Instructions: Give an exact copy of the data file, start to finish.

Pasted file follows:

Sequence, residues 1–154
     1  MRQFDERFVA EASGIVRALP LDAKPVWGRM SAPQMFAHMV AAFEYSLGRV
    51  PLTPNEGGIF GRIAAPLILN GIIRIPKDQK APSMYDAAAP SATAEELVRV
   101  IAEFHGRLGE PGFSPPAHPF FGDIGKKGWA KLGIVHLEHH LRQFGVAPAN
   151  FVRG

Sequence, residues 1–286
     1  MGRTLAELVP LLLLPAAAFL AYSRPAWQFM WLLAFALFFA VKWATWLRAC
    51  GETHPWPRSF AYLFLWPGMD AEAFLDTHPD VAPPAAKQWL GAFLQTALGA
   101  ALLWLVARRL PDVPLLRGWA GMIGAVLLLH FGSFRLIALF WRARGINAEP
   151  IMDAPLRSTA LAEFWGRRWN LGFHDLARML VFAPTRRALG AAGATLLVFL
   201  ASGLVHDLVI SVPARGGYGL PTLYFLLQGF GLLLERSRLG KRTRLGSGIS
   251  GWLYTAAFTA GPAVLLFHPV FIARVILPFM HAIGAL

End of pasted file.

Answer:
Sequence, residues 1–154
     1  MRQFDERFVA EASGIVRALP LDAKPVWGRM SAPQMFAHMV AAFEYSLGRV
    51  PLTPNEGGIF GRIAAPLILN GIIRIPKDQK APSMYDAAAP SATAEELVRV
   101  IAEFHGRLGE PGFSPPAHPF FGDIGKKGWA KLGIVHLEHH LRQFGVAPAN
   151  FVRG

Sequence, residues 1–286
     1  MGRTLAELVP LLLLPAAAFL AYSRPAWQFM WLLAFALFFA VKWATWLRAC
    51  GETHPWPRSF AYLFLWPGMD AEAFLDTHPD VAPPAAKQWL GAFLQTALGA
   101  ALLWLVARRL PDVPLLRGWA GMIGAVLLLH FGSFRLIALF WRARGINAEP
   151  IMDAPLRSTA LAEFWGRRWN LGFHDLARML VFAPTRRALG AAGATLLVFL
   201  ASGLVHDLVI SVPARGGYGL PTLYFLLQGF GLLLERSRLG KRTRLGSGIS
   251  GWLYTAAFTA GPAVLLFHPV FIARVILPFM HAIGAL